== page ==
13. 13. 1/7/2013 Toyon/California Christmas Berry – Heteromeles arbutifolia Natives in the Rose Family (Rosaceae) Shrubs  Chamise - Adenostoma fasciculatum  Mountain Mahogonies - Cercocarpus species  Toyon - Heteromeles arbutifolia  Creambush - Holodiscus discolor  Ironwoods - Lyonothamnus floribundus  Holly-Leafed & Catalina Cherries - Prunus ilicifolia  CA Wild Rose - Rosa californica  CA Blackberry - Rubus ursinus Smaller perennials  Pacific silverweed - Argentina egedii  Strawberries - Fragaria species  Wedgeleaf Horkelia - Horkelia cuneata © Project SOUND © Project SOUNDCommon pests of Rose Family (think Leafhoppers & Sharpshootersgarden roses)  Pests of new foliage  Leafhoppers are small, green,  Sucking insects wedgeshaped insects that attack many  Pests of summer garden, forage and fruit crops. They  Pests associated with dust (mostly suck out plant juices causing yellowing, insects) leaf-curling and stunting.  Pests associated with warm, moist conditions (mostly fungal but some bacterial/viral)  Leafhoppers are often responsible for the spread of plant pathogens  Diseases associated with cool, wet especially viruses and phytoplasmas conditions:  Fungal diseases (foliage & root)  Preventive cultural practices:  Rosa CA vs. non-native roses  Mechanical Controls:  It is relatively pest and disease free, except if the plant is subject to  blast of water from a garden hose overhead irrigation, poor air circulation  Removing infected lower leaves and humid conditions in the shade.  Insect pests are usually not a problem  Dusting plants lightly with with such a hardy plant and with so diatomaceous earth many “beneficials” around. © Project SOUND © Project SOUND 13
  14. 14. 1/7/2013 Leafhoppers & Sharpshooters Glassy-winged Sharpshooter – reportable pest  Biological Controls:  Carry the bacterium,  Predatory insects such as mantids and Xylella fastidiosa, that dragonflies causes Pierce’s Disease – a serious threat to CA  Spiders, green lacewings (Chrysopa spp.), grape industry minute pirate bugs (Orius spp.), lady beetles (Hippodamia spp.), and predaceous mites. Adults are about 1⁄2 inch long  X. fastidiosa also causes almond leaf scorch,  Small parasitic wasps in the genus phoney peach disease, Gonatocerus alfalfa dwarf, oleander  Chemical controls: leaf scorch and citrus variegated chlorosis.  Narrow range oils, insecticidal soaps, or kaolin clay  Report to County Ag.  rotenone, carbaryl, malathion or Service if found in new methoxychlor areas © Project SOUND © Project SOUND Tiny insects with fringed wings. They feed on Pierce’s Disease: many native plants are Thrips  pollen and tender plant tissue, rasping the tissue and sucking the exuding sap. alternate hosts  The leaves take on a silvery appearance after the thrips feed, and plants become stunted and  Aesculus californica deformed.  Artemisia douglasiana  Thrips are usually a pest of seedling plants but  Heteromeles arbutifolia may attack plants in any stage. They attack an extremely wide variety of woody plants.  Juglans californica  Mimulus aurantiacus  Certain thrips species are beneficial predators  Oenothera hookeri that feed only on mites and other insects  Philadelphus lewisii  Monitoring:  Populus fremontii  Thrips often feed within buds and furled leaves.  Quercus spp. Their damage is often observed before the thrips are seen.  Rhammus californica  Discolored or distorted plant tissue or black  Rosa californica specks of feces around stippled leaf surfaces are clues that thrips are or were present.  Salix spp.  Look carefully for the insects themselves before  Sambucus spp. taking action. Severe infestation foliage looks silver-spotted  Vitis californica  Thrips are poor fliers but can readily spread long distances by floating with the wind or being transported on infested plants. Blue Elderberry © Project SOUND © Project SOUND 14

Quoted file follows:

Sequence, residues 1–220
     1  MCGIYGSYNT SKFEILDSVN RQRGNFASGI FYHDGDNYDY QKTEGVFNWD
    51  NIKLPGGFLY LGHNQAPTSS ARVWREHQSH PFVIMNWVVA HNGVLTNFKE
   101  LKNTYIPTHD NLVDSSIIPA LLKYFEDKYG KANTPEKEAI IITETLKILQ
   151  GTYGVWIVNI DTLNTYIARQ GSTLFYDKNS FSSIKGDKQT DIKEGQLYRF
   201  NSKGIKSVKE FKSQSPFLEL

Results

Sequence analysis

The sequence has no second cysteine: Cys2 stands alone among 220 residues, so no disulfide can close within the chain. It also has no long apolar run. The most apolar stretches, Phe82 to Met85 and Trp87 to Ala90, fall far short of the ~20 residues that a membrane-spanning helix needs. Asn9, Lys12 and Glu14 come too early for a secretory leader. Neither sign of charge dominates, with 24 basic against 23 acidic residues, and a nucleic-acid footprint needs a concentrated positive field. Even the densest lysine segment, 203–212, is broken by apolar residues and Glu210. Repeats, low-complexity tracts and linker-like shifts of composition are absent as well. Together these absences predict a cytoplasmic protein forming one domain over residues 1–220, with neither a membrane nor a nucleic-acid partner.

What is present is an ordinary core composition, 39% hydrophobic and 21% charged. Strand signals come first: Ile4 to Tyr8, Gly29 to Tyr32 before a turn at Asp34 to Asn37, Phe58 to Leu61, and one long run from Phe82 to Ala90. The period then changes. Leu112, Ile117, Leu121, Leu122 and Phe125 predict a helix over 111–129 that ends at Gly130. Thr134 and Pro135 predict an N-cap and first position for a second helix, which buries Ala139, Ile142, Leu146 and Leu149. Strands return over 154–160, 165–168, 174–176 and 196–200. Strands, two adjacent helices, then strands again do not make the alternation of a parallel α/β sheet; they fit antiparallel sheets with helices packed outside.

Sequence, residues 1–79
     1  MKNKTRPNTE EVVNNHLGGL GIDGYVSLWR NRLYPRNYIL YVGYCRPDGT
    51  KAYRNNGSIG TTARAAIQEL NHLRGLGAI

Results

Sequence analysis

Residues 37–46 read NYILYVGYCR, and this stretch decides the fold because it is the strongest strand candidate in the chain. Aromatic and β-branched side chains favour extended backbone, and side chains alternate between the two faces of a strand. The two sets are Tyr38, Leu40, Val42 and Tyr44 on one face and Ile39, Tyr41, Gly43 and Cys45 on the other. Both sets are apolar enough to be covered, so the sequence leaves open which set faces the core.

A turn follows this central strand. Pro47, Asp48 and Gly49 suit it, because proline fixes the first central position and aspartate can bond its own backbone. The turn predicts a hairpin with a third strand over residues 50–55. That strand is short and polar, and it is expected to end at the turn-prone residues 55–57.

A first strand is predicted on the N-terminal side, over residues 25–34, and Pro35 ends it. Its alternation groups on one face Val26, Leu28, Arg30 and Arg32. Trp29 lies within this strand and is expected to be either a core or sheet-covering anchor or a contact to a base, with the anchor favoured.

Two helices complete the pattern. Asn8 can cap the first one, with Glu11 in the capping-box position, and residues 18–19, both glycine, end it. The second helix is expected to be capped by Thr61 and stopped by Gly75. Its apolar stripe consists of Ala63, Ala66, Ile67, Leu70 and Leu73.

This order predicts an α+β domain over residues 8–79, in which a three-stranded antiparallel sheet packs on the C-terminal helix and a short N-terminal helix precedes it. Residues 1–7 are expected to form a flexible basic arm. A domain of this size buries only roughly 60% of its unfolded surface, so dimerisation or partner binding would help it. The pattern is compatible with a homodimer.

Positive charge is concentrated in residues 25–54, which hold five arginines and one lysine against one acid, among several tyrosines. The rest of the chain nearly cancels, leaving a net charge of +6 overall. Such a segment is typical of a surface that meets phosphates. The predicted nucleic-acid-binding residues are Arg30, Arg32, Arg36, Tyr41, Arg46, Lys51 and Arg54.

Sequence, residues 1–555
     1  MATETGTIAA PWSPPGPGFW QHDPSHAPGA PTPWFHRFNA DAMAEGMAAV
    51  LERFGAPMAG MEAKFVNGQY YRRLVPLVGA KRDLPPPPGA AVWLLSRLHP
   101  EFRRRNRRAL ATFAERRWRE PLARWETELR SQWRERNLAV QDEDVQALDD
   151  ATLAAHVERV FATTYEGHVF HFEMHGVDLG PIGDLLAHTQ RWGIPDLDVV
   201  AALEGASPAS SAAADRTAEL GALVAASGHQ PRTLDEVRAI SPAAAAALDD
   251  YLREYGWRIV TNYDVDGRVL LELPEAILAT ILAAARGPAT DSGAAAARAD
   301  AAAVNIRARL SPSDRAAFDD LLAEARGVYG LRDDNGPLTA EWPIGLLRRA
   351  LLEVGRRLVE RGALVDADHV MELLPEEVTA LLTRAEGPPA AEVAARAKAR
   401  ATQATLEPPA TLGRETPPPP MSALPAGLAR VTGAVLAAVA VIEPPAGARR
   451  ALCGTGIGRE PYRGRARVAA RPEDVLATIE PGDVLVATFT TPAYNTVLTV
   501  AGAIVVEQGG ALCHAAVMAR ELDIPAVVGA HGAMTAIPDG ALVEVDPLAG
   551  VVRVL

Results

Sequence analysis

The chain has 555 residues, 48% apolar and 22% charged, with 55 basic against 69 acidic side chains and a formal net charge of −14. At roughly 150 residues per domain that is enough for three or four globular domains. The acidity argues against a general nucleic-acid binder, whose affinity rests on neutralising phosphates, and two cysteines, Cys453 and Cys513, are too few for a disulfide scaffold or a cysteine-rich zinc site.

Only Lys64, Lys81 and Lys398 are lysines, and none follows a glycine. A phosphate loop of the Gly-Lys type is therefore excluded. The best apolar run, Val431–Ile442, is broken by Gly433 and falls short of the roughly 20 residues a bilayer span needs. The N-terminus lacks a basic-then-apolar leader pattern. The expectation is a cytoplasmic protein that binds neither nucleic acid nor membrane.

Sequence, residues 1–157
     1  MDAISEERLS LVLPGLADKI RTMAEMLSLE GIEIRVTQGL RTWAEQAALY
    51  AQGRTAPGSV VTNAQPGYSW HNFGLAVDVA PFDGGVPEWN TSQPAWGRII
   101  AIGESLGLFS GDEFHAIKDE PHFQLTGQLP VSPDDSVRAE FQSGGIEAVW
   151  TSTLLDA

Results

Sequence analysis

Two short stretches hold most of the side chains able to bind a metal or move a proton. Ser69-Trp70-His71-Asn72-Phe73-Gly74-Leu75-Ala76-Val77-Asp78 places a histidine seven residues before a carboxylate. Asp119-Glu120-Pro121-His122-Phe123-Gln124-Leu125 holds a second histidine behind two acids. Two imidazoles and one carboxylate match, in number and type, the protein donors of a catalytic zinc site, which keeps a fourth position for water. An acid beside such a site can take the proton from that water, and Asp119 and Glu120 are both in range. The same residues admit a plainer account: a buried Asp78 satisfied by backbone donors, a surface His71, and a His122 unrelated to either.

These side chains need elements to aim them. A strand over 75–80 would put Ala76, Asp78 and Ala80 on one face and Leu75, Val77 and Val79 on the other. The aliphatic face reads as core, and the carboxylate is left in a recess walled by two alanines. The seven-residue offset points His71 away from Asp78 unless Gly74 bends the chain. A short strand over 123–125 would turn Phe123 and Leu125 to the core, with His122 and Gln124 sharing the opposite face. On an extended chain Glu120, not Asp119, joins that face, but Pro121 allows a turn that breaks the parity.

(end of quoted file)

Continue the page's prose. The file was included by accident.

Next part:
15. 15. 1/7/2013 Thrips – mostly just ugly… Gall & Blister Mites: ugly but not killers  Healthy woody plants usually tolerate thrips damage; however, high infestations on certain herbaceous ornamentals and developing fruits or vegetables may justify control  Cause blistered leaves or galled twigs on many landscape plants  Preventive cultural practices:  Practices to conserve natural predators; including alder, aspen, baccharis, decrease dust, no pesticides beech, elm, grape, linden, maple,  Pull weeds  Prune and destroy infected branches and walnut  Mechanical Controls: Live oak erineum mites  Monitoring:  Blast of water from a garden hose  Misshapen leaves  Biological Controls:  Preventive cultural practices: ort/images/thrips.jpg  Many natural predators  Remove damaged leaves  Chemical controls: thrips activity does not usually warrant the use of insecticide sprays  Mechanical Controls:  Narrow-range oil, neem oil, pyrethrins combined with piperonyl butoxide (Garden Safe Brand  Remove damaged leaves Multi-purpose Garden Insect Killer, Spectracide Garden Insect Killer)  Malathion or rotenone only for severe problems Toyon Thrips © Project SOUND Baccharis gall © Project SOUND Spider Mites are tiny Spider Mites: prevention is best  Not insects, but closely related to ticks and  Preventive cultural practices: chiggers. They suck out juices from leaves  Wash dust off leaves in summer and stems, causing plants to become  Don’t use insecticides (carbaryl (Sevin); imidacloprid (Merit, Marathon) ) that kill natural deformed or have a bronze or yellow predators; severe infestations often follow appearance insecticide use!  Heavy infestations can cause leaf and bud  Mechanical Controls: drop, serious stress and death of the plant.  blast of water from a garden hose  1:1 mixture of alcohol and water [test on small area]  Damaged areas typically appear marked with  Plant isolation many small, light flecks – over slightly cobwebby - giving the plant a somewhat  Biological Controls: speckled appearance.  Small, dark-colored lady beetles known as the "spider mite destroyers"  Activity peaks during the warmer months;  Minute pirate bugs, big-eyed bugs (Geocoris Dry, dusty conditions favor all spider mites species) and predatory thrips  Parasitic spider Mites  Monitoring:  Chemical controls: not during hot weather or for  Usually plant damage—stippling or yellowing of water stressed plants – test first on a few leaves leaves Few insecticides are  Insecticidal soap  Look for webbing underneath leaves effective for spider mites and many even  Horticultural oils (Sunspray)  Shake mites onto paper & observe with hand aggravate problems  Sulfur lens © Project SOUND © Project SOUND 15